Is the Union State of Russia and Belarus an Integration Template?
Is the Union State of Russia and Belarus an Integration Template? by Tim Kirby for Strategic-Culture
Expansion requires a template. If one expects growth in their nation or international project beyond its initial border there has to be some sort of standards or bureaucracy to make this happen and Russia may very well be developing (or has already developed) this template to bring back certain troubled territories into the fold.
When America was still very young and completely on the Atlantic coastline the powers that were set up the process by which new pieces of land could go from being organized territories to full states. At that time the US saw vast potential to acquire new territory by pushing west. The Native Americans didn’t pose much threat and all those unknown quantities of virgin land were America’s for the taking. This policy of planned organized expansion made sense for post-colonial America but would not have made much sense for some sort of landlocked German state like Bavaria surrounded by well armed and apt competitors of the European geopolitical chessboard.
Going forward and going beyond national borders, both NATO and the European Union (including its currency the Euro) have built-in bureaucratic procedures/standards for expansion. We all saw how directly after the fall of the USSR these organizations’ “expansion templates” allowed the former Eastern Bloc to jump full force towards the West relatively quickly. Give up some percent of your GDP, sign some treaty about refugees and boom you’re in.
Some recent statements made by Russian President Vladimir Putin at his yearly press conference with the public make it seem as though Russia’s integration deals with Belarus are developing into some sort of expansion template or were always that way by design. His statement which exploded over the Russian media is as follows…
“At the present time, the question is not uniting into a single state. We are talking about making deals happen that were agreed upon many years ago about creating, what we call a Union State. This is not a single state, this is not the same.”
He continued describing this Union State by saying that there are…
“New elements up to and including a new parliament and currency…”
These words caused a stir because previously the Union State between Russia and Belarus seemed like some sort of bureaucratic platitude. After many years of its discussion and public knowledge the only results that the masses can see are that there is an open border between the countries. Besides the trains from Moscow not having to stop at the border for two hours, not much has changed in the eyes of the common man. The same things could be said for the Eurasian Economic Union (which at this point is purely economic and abstract) or the seemingly pointless and pathetic Commonwealth of Independent States.
There are hopes around Moscow that Russia and Belarus are developing an expansion template via a currency, new parliament and possibly a new/joint military (they train together often and are both key members in the Shanghai Cooperation Organization) that could be applied to many of the trouble regions of the former Soviet Union that are strongly pro-Russian, dependent on Russia for survival, and/or are under threat of extermination by “nationalists” of the former Soviet Republic they are trapped in. This would apply to regions like Transnistria, South Ossetia, Abkhazia and of course the Donbass.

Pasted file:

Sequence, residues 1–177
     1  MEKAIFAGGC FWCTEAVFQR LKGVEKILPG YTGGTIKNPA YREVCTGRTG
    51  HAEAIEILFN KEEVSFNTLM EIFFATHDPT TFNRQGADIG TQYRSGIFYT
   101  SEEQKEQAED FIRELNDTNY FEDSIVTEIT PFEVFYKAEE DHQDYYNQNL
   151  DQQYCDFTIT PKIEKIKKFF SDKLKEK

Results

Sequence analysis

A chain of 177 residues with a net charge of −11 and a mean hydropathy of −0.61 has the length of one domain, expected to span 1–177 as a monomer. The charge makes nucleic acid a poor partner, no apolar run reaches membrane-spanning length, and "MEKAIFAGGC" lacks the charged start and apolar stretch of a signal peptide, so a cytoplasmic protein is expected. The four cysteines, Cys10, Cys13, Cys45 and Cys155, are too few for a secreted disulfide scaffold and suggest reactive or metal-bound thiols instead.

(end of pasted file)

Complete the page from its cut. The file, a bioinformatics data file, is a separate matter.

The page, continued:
Some things like Russia giving citizenship to people in the break-away republics in the Donbass is another drop in the evidence bucket that Russia is looking to integrate at least more people if not territory, but for those inside of Russia there have been many years of talk about integration and partnership with former territory with Russia only taking reactive action – the Georgians started the 2008 war, with Russia only taking the territories which Saakashvili wanted to slaughter, Russia only acknowledged the Crimean referendum allowing most of Ukraine to suffer under the hands of Russophobic psychopaths, etc.
A set of standards for this Union State concept allowing Russia to put back many key pieces of its shattered puzzle would of course gain massive public support from a wide variety of political viewpoints. For many this new united currency and super government that would allow it to finally start to grow and protect Russian speaking people (who really need protection from brutal racism) sounds almost too good to be true, which makes one fear that it is.
One of the worst things we can do for the public is conflate wish-fulfillment fantasies with projections based on analysis, so at this time, we need to keep the rational part of our brains active and not give in to emotions – thus all Russian plans to integrate or expand have not yielded direct tangible results.
The Union State has been a horribly slow process and there is no indication that something amazing will happen tomorrow. It is odd that Putin said these bold public statements but even he didn’t hide the fact that even if they stay on course there is tons of bureaucracy still left to be dealt with.
The Union State may be an expansion template being worked out and drawn up right as you read this, but Russia’s actions over the last 10-15 years show that it may be too gun-shy or bureaucratically slow to use it at any point in the near future, although it would be very nice to be proven wrong on this issue.